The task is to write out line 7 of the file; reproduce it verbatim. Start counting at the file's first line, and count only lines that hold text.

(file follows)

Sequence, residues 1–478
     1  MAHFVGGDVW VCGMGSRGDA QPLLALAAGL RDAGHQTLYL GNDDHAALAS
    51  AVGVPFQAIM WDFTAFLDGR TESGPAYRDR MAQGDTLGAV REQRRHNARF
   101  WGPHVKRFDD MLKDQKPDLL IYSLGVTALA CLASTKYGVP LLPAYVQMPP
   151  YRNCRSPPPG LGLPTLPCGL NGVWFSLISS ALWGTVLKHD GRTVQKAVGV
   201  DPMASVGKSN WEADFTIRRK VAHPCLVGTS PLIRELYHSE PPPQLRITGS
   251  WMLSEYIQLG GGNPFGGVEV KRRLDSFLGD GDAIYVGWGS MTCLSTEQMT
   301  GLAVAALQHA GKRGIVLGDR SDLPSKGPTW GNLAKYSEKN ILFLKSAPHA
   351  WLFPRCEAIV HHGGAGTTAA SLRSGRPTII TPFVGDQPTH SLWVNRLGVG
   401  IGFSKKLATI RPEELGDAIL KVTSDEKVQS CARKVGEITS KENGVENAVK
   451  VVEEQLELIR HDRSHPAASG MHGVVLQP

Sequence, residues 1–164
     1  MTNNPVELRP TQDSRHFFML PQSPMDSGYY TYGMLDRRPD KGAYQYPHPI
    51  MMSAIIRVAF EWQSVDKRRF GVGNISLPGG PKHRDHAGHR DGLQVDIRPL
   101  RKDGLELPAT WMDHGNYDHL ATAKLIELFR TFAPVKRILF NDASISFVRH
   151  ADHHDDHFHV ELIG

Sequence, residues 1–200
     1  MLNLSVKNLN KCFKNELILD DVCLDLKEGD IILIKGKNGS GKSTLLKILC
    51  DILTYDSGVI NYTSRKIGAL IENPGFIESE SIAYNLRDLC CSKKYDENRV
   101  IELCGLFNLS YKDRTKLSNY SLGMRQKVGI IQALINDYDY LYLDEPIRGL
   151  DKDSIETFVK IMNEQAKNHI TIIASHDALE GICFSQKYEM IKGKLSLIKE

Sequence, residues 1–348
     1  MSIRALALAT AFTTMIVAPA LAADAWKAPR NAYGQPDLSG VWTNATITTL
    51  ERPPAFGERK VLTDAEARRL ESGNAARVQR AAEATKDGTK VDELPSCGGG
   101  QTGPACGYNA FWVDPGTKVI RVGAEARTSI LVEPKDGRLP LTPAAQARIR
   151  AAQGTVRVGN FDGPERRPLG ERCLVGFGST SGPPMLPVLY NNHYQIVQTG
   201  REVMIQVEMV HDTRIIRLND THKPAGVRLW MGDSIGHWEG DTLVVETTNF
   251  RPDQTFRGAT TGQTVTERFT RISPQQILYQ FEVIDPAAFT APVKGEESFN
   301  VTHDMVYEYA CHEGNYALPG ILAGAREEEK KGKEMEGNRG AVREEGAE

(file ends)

   251  WMLSEYIQLG GGNPFGGVEV KRRLDSFLGD GDAIYVGWGS MTCLSTEQMT